LONDON (Reuters) - Vodafone, the world's largest mobile phone operator, missed quarterly revenue forecasts on Thursday as increasingly tough trading in Spain and Italy overshadowed solid performances in emerging markets and northern Europe.
The British-based group is the latest in a procession of companies to warn that austerity-hit consumers and businesses in southern Europe were cutting back spending.
Spirits group Diageo highlighted weakness in parts of Europe on Thursday, while car brand Audi said it was relying on the United States and China for growth as Europe grapples with a sovereign debt crisis.
In a sign of how seriously Vodafone is taking instability in financial markets, the group said it had for some time been moving all spare cash in its operating businesses back into Britain each evening to minimise its exposure to each market.
Vodafone, which kept its outlook for the year unchanged, said group organic service revenue from the provision of ongoing services to customers was up 0.9 percent, compared with an analyst forecast of 1.1 percent.
The group, the first major European telco operator to report results, said revenues were hit by weaker consumer confidence in Spain, Italy and also Britain, while corporate clients had cut back on travelling in the last three months of the year.
Overall, however, the group benefited from strong growth in India and Turkey and continued demand by customers for internet data services, prompting analysts to say that Vodafone would perform ahead of its peers.
"Our view remains that Vodafone is the best of a bad bunch,"
Liberum analyst Mark James said.
"Better value, better run and more shareholder friendly than most of the European telco incumbents where we remain negative. We would expect Southern European telcos to trade weaker today. But there is little here to make Vodafone trade much better."
At 6:15 a.m. ET, Vodafone shares were up 0.3 percent at 174.9 pence, broadly in line with the STOXX Europe 600 telecoms index. Telecom Italia shares were down 1.3 percent.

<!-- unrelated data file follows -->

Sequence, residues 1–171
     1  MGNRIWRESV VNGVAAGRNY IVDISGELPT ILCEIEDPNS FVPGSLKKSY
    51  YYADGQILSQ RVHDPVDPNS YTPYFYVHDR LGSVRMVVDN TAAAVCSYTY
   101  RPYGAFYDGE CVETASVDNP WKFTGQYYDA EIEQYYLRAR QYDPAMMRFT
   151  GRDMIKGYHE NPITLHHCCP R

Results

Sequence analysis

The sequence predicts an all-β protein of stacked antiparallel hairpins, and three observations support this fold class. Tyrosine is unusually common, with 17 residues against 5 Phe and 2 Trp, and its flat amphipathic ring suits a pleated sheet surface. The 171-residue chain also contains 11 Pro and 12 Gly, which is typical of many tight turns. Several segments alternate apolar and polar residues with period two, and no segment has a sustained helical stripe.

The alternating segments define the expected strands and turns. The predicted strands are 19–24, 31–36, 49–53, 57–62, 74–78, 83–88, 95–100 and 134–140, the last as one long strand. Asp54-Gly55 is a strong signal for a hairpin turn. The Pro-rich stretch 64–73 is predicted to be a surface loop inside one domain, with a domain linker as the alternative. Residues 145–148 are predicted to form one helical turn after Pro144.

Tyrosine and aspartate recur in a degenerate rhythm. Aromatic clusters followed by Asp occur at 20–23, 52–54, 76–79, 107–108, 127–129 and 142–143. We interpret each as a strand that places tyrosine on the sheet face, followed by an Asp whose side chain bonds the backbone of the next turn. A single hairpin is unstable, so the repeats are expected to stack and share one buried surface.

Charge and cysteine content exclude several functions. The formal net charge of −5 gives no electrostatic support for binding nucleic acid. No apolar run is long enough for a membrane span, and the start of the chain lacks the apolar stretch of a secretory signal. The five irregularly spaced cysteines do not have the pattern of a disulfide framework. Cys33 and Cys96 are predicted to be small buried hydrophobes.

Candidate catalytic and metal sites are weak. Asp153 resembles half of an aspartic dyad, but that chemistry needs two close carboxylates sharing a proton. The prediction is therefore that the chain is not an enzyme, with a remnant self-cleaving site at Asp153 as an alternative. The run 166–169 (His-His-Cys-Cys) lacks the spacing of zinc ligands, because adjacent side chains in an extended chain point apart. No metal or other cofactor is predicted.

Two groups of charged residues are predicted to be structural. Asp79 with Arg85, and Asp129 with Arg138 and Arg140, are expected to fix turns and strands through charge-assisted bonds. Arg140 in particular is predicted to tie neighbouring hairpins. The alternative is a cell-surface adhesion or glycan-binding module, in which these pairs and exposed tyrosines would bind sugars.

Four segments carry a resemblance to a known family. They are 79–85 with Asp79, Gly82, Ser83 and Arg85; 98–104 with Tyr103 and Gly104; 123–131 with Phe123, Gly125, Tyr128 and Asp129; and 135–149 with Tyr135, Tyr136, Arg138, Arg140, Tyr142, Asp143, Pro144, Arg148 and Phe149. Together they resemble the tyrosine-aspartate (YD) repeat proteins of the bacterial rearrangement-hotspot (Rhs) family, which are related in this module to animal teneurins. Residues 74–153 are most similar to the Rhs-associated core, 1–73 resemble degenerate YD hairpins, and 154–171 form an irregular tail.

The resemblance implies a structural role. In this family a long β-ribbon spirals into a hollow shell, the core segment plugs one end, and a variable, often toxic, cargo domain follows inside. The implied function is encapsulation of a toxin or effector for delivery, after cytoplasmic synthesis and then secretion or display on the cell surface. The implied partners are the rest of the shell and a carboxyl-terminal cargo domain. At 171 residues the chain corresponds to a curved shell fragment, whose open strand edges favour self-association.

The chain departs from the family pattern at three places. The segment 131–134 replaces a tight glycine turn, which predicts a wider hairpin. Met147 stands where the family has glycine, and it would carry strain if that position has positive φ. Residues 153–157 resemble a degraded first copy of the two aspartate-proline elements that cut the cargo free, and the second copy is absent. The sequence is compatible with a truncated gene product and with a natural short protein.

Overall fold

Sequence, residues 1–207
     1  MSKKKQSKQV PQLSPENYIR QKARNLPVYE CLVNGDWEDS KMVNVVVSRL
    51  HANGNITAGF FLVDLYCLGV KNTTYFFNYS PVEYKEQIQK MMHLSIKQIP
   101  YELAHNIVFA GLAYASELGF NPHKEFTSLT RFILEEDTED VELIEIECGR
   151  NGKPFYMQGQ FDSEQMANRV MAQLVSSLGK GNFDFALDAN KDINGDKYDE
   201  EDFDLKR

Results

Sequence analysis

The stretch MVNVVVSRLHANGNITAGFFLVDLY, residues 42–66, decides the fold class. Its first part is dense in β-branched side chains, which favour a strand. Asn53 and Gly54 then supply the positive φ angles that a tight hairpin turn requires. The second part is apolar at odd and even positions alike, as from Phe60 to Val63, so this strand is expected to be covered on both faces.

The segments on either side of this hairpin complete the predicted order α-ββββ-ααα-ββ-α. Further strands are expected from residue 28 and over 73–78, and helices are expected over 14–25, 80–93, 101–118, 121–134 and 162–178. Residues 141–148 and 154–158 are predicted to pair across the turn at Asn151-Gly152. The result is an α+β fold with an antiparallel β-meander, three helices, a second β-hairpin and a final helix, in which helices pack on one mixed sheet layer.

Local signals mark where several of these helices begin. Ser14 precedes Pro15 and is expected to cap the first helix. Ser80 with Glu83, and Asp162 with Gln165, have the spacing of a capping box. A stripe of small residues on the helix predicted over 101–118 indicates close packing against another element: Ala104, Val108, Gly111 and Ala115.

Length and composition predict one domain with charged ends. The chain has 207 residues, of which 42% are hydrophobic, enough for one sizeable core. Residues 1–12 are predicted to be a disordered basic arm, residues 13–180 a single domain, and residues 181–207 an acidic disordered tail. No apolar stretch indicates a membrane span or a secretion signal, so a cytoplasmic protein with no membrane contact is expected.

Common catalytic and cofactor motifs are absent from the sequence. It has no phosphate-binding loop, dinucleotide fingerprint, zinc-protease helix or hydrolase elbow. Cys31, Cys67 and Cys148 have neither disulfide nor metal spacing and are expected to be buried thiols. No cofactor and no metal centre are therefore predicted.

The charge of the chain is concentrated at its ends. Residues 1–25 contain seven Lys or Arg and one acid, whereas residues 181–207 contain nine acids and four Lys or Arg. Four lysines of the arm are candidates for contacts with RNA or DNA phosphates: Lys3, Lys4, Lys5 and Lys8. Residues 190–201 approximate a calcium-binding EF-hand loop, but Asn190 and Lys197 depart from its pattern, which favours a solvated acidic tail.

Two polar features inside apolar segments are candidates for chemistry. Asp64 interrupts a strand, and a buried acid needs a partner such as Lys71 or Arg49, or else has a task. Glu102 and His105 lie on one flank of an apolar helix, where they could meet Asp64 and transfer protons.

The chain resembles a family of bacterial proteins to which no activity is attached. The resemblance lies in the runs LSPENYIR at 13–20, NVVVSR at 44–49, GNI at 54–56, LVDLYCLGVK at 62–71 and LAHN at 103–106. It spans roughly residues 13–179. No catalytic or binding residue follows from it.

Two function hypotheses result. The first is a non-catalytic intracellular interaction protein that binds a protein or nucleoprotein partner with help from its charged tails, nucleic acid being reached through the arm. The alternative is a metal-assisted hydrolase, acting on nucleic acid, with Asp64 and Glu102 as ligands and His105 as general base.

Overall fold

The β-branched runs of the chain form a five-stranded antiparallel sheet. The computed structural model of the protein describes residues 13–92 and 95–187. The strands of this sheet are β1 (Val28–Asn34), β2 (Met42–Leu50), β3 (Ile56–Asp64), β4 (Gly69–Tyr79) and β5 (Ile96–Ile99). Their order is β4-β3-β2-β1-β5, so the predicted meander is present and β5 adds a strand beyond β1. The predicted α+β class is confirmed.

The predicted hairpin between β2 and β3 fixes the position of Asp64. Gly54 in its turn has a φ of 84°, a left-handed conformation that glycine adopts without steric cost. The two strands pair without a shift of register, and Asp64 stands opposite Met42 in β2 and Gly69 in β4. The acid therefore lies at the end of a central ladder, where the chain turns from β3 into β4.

European organic service revenue was slightly worse than expected, down 1.7 percent as the financial squeeze on consumers in Italy, Spain and Greece pulled down better performances in the two big northern markets of Britain and Germany.
Analysts had been expecting Europe to be down by 1.4 percent. Service revenue in Britain was up 1.1 percent, slipping from the 2.5 percent growth in the second quarter, while Germany improved to be up 0.7 percent.
The Spanish market which has previously been characterized by high prices for consumers was slightly improved but still down 8.8 percent. Italy, however, deteriorated further to be down 4.9 percent compared with a fall of 3 percent in the previous quarter.
Chief Executive Vittorio Colao said he did not expect Italy to become as bad as Spain for Vodafone, because prices in Italy were already much lower and the cost structure healthier. But he said he expected problems there to last for some time.
The company did not give a specific trading figure for Greece, but it has also been hit hard by the pressures on consumer spending.
Vodafone announced earlier this week it had pulled out of merger talks with smaller rival Wind Hellas in Greece. The group said it would now explore options to share networks or other forms of cooperation.
Espirito Santo analyst Will Draper said the figures were slightly below the consensus published by Vodafone a few weeks ago. However, he said the company had cautioned in recent days that trading had toughened in southern Europe, so it should not come as too much of a surprise.
Balancing out southern Europe, growth within the faster-growing division of Africa, Middle East and Asia Pacific, known as AMAP, was 7.6 percent - solid but slightly below the forecast of 8.3 percent.
Vodafone Finance Director Andy Halford said the group was still happy with its outlook for the full year as stronger trading in the first half would enable it to hit its medium-term target of 1-4 percent group organic service revenue growth.
($1 = 0.6322 British pounds)
(Editing by Mark Potter)